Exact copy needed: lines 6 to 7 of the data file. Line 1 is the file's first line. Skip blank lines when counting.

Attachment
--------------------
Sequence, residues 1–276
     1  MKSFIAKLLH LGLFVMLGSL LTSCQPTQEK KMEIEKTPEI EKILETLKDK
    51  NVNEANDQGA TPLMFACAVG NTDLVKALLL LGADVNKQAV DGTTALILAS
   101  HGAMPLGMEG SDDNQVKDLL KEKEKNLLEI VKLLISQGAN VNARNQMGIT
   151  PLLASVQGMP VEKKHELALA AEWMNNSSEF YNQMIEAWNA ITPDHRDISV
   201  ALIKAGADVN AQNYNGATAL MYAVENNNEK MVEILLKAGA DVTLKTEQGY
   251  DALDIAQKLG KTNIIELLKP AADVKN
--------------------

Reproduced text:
   201  ALIKAGADVN AQNYNGATAL MYAVENNNEK MVEILLKAGA DVTLKTEQGY
   251  DALDIAQKLG KTNIIELLKP AADVKN